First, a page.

Bullying Intervention and Prevention

October is Bullying Prevention Month–we will celebrate UNITY DAY on Wednesday, October 19th!

Counselors at Oakridge teach lessons on bully prevention and intervention from the Second Step Program’s Bullying Prevention Unit. All students at Oakridge learn and understand the The 3 R’s of Bullying:


Bullying is when someone keeps being mean to someone else on purpose. The person it’s happening to hasn’t been able to make it stop. It is unfair and one-sided.


If you feel safe, 1) Get calm, 2) Stand straight and tall, 3) Look at the person you are speaking to, 4) Say what you mean in a strong, clear, respectful voice. Example: “Stop! That is mean.”


Reporting isn’t tattling!  Reporting is telling an adult in order to keep people safe. Any time is a good time to report bullying.


What is Bullying?

Bullying is the repeated infliction or attempted infliction of injury, discomfort, or humiliation on a student by one or more students. It is a pattern of intentionally aggressive or hostile behavior that occurs repeatedly over time. Bullying typically includes an imbalance of power. Simply speaking, bullying is behavior that deliberately hurts, frightens, threatens, or excludes someone.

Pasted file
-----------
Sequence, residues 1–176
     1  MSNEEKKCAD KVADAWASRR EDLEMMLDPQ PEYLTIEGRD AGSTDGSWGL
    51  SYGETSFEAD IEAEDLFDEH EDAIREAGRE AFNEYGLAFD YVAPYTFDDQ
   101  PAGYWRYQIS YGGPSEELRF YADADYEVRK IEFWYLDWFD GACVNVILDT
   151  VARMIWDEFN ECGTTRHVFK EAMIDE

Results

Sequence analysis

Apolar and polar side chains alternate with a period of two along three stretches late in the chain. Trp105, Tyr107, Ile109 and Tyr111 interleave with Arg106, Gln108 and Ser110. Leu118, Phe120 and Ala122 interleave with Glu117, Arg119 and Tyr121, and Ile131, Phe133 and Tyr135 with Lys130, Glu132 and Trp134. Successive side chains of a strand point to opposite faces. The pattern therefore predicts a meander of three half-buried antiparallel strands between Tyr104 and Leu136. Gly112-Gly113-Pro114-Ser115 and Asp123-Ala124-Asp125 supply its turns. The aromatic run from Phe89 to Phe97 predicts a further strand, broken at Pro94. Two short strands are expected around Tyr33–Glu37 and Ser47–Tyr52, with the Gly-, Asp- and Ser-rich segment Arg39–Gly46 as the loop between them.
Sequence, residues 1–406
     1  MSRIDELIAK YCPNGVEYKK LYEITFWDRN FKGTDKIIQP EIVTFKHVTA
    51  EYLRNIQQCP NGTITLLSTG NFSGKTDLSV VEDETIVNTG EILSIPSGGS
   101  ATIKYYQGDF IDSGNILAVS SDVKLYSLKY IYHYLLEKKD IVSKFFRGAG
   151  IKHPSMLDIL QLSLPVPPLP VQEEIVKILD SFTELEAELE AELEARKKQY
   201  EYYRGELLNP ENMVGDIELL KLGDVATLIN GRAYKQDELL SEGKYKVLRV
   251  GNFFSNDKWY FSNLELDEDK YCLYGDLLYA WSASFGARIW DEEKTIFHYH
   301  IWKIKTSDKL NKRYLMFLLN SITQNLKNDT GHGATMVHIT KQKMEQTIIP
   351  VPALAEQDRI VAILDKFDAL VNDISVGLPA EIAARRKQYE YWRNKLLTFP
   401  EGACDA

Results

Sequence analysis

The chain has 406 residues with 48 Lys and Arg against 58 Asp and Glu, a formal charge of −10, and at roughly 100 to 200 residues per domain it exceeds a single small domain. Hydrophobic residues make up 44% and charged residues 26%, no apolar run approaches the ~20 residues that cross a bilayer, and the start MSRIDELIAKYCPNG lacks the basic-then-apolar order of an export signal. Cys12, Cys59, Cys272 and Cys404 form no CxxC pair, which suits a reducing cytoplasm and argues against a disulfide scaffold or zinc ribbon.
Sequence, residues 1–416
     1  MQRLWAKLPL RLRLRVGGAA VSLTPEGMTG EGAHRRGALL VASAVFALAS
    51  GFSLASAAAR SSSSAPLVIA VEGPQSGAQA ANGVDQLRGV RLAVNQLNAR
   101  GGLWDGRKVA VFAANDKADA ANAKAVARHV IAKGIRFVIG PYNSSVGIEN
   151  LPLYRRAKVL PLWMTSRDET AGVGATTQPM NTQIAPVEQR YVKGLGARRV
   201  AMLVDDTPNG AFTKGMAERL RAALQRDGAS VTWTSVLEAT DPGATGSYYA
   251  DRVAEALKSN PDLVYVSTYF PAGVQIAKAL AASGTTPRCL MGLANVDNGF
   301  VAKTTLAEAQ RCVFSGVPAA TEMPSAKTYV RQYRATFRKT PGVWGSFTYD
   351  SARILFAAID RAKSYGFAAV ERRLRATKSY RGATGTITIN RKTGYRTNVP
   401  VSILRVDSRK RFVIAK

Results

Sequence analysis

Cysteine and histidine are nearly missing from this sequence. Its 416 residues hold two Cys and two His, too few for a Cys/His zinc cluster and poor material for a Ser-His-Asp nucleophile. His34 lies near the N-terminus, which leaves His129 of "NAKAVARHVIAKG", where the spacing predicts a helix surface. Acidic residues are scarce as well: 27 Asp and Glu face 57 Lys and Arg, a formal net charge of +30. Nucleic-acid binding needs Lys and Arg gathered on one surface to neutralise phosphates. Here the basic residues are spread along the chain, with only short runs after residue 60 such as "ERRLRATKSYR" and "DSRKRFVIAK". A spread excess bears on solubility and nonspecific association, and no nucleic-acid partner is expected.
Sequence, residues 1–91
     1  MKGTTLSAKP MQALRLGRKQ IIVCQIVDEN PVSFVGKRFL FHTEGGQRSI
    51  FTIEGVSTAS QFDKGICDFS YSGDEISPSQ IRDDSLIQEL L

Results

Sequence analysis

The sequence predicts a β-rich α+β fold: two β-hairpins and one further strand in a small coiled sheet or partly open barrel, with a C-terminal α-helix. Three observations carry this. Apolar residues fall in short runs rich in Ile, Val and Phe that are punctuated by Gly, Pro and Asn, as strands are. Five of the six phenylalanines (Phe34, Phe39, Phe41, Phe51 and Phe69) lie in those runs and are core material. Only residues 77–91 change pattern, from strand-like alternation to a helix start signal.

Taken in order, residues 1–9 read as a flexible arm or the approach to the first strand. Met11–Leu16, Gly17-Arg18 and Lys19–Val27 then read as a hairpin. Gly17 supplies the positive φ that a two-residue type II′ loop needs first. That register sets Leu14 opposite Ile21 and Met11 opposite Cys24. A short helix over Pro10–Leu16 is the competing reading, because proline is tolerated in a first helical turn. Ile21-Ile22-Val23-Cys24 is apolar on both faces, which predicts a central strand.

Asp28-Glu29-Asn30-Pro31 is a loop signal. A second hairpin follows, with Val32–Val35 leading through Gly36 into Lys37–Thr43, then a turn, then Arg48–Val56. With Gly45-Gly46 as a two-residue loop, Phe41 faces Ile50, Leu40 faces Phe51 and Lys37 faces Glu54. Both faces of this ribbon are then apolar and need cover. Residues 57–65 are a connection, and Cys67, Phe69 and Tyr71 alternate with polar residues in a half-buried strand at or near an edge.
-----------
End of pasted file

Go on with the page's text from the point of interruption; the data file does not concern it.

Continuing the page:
Bullying Can Include:

  • Name calling
  • Teasing, making fun of someone
  • Spreading rumors and gossip
  • Insulting someone
  • Telling or writing lies about someone
  • Expressing sarcasm, subtle negative comments
  • Excluding specific persons
  • Pushing, tripping, hitting
  • Threatening, intimidating or scaring people
  • Belittling people because of their race or culture
  • Making sexual comments or innuendos

What Can You Do?

  • Talk to your child about bullying and harassment.
  • If you think your child is being bullied, ask him/her what has happened.
  • Encourage your child to report bullying at school to teachers, school counselors, or the administrators.
  • Make a follow-up contact with school staff yourself.
    For more information on bullying prevention in APS, please visit the APS website.

Another cool resource from the Committee for Children is their Captain Compassion Program. Find it here!